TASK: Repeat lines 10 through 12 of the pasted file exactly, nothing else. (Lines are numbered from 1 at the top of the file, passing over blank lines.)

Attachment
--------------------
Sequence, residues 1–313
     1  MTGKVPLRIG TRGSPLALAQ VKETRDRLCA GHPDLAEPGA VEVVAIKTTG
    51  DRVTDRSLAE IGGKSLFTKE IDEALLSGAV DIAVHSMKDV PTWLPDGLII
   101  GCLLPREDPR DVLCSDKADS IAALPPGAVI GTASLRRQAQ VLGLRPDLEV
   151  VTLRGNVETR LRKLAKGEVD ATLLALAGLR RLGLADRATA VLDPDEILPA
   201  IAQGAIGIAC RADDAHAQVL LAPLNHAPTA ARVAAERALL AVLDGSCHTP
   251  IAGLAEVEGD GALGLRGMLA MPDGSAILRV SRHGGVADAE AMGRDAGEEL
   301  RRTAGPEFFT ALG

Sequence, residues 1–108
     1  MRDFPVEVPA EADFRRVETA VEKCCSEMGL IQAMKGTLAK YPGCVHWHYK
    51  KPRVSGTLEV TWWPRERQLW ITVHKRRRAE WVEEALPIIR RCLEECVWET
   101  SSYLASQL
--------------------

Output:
     1  MRDFPVEVPA EADFRRVETA VEKCCSEMGL IQAMKGTLAK YPGCVHWHYK
    51  KPRVSGTLEV TWWPRERQLW ITVHKRRRAE WVEEALPIIR RCLEECVWET
   101  SSYLASQL